I’ve learned that I don’t need alcohol to lose my inhibitions. I am a very confident person and whilst I thought alcohol was my ‘crutch’, it was actually stopping me from being the real me. I’ve had much more fun on nights out since becoming sober and love being able to recall every moment. I also ‘think’ I’m much funnier and quick witted than before!

Since ditching the booze, the change to my physical health is enormous. I’ve lost three dress sizes and instead of languishing in bed with a hangover every weekend, I walk at least 10k steps a day and do a HIIT session with The Body Coach

https://www.thebodycoach.com

I eat really healthily as can actually taste food now. I don’t diet, eat what I want and fully appreciate my health. I think it’s important to respect my body and want to look after it as best I can.

I believe that alcohol distorts the way that you think you look. I never thought I was particularly big or overweight, but when I look back at my ‘before’ photos, I can see how bloated I was and how puffy my eyes were. Interestingly, I was diagnosed with an under active thyroid during pregnancy in 2004 however since I’ve stopped drinking, it has become totally stable.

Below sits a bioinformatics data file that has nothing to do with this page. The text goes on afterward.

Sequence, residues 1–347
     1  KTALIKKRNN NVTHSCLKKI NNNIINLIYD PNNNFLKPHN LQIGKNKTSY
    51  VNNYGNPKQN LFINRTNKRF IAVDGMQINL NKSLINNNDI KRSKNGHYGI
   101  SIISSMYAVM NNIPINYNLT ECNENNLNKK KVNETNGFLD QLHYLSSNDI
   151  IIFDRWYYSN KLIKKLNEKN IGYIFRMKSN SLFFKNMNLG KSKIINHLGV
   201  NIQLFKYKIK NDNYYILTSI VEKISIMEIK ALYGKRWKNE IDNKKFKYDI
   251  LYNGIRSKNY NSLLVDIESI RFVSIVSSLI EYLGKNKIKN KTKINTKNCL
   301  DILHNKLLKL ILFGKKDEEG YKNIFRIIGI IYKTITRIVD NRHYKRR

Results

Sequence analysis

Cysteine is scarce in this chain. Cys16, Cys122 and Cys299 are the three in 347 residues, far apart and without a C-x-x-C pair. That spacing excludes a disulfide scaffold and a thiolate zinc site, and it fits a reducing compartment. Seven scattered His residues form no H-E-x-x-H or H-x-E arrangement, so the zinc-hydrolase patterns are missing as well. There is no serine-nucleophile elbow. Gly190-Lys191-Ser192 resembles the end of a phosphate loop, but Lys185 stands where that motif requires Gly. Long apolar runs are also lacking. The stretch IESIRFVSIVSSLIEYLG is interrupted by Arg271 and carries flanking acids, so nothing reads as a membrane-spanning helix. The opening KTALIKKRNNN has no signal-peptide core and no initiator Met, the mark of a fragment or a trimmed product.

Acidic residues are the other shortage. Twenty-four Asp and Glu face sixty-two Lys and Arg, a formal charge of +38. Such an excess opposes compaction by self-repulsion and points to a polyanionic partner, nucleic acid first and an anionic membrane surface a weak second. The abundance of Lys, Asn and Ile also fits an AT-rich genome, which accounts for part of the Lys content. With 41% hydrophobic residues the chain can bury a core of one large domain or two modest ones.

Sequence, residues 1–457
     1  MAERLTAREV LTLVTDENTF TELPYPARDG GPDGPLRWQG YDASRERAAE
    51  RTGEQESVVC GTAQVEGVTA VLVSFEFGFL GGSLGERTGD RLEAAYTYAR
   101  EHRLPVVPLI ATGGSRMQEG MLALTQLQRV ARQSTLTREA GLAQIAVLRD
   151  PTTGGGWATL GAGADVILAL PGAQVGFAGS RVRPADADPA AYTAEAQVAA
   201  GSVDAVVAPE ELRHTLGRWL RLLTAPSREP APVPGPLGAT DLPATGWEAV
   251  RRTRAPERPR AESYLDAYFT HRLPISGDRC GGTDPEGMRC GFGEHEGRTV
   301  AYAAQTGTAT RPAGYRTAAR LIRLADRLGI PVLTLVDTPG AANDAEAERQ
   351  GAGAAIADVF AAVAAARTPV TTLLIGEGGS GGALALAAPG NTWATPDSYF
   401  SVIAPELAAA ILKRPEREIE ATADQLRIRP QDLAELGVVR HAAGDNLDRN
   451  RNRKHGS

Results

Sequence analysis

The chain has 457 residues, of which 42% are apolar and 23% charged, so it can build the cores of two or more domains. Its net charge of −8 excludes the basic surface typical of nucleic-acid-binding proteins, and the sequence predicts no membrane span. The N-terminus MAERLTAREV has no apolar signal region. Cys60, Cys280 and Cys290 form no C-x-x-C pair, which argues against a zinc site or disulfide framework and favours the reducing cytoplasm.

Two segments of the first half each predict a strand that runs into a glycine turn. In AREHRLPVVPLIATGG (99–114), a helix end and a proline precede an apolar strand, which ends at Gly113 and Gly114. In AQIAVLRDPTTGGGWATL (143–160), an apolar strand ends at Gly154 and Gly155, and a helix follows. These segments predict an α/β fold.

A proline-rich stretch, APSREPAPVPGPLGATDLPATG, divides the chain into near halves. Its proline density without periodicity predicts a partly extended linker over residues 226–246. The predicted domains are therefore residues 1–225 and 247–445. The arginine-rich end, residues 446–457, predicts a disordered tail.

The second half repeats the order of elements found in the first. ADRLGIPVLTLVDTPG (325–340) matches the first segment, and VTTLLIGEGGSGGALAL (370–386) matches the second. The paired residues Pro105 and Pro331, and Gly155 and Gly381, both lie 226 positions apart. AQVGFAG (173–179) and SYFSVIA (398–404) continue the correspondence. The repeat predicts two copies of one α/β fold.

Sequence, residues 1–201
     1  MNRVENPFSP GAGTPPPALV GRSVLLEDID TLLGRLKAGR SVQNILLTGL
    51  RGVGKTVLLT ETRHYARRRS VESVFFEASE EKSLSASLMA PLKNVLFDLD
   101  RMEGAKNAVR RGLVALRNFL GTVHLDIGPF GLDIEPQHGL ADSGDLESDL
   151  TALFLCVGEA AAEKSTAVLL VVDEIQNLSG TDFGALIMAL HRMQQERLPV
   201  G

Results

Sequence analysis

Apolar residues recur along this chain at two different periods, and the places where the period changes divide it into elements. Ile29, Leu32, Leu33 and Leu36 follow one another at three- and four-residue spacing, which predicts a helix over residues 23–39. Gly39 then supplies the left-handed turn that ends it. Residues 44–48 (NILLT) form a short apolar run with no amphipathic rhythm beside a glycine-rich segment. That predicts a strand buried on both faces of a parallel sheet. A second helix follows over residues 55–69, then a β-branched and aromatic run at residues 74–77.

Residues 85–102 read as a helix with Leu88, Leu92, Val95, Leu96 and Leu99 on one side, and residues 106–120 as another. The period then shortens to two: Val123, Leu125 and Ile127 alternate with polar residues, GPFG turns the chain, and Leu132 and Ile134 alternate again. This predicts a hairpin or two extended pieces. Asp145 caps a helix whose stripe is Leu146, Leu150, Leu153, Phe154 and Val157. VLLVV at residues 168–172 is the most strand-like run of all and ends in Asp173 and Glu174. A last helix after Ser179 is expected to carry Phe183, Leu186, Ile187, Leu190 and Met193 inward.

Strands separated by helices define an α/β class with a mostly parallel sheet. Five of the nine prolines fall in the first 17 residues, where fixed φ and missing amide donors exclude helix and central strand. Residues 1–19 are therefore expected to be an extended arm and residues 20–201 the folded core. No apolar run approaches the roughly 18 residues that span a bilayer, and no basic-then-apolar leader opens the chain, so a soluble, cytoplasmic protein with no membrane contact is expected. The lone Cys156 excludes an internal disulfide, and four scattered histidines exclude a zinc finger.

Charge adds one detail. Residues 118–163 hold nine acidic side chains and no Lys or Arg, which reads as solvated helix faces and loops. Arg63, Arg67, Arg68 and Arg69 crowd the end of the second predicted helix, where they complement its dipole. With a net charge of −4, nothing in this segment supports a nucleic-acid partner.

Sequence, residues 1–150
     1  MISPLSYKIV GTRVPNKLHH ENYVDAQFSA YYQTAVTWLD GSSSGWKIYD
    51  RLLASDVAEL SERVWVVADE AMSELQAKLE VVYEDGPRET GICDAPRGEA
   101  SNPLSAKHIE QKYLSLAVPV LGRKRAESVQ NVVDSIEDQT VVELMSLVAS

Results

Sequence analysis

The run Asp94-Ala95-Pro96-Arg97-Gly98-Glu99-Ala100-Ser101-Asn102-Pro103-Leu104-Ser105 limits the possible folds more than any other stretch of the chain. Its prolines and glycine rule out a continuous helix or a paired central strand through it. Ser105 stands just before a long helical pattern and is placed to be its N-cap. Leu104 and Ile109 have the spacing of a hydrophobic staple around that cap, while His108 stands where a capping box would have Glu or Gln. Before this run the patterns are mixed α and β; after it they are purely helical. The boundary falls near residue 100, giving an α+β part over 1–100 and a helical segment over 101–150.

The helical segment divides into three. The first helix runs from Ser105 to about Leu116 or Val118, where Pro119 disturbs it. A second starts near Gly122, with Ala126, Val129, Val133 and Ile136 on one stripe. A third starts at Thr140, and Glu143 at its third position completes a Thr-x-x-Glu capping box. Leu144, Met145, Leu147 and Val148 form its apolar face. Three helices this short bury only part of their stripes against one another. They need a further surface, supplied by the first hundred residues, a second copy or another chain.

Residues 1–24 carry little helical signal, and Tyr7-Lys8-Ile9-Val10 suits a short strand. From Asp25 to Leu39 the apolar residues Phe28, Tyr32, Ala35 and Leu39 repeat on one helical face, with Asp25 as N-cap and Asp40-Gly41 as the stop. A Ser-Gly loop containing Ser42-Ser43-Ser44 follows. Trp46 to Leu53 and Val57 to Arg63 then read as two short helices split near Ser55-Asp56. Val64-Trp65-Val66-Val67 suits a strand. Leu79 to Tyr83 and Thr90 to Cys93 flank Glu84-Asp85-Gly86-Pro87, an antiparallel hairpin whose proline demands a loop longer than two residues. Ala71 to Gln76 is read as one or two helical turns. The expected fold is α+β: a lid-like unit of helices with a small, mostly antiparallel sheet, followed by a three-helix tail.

One of the most precious parts of sobriety is sleep. It is quite simply amazing. I sleep solidly for 7 hours a night without waking up thirsty or needing the loo. I don’t have heart palpitations, which I’m sure were caused by alcohol messing with my metabolic rate at night. Sometimes, I used to feel like I was almost being ‘kick started’ while sleeping! I don’t perspire and wake naturally at the same time every day, fully rested.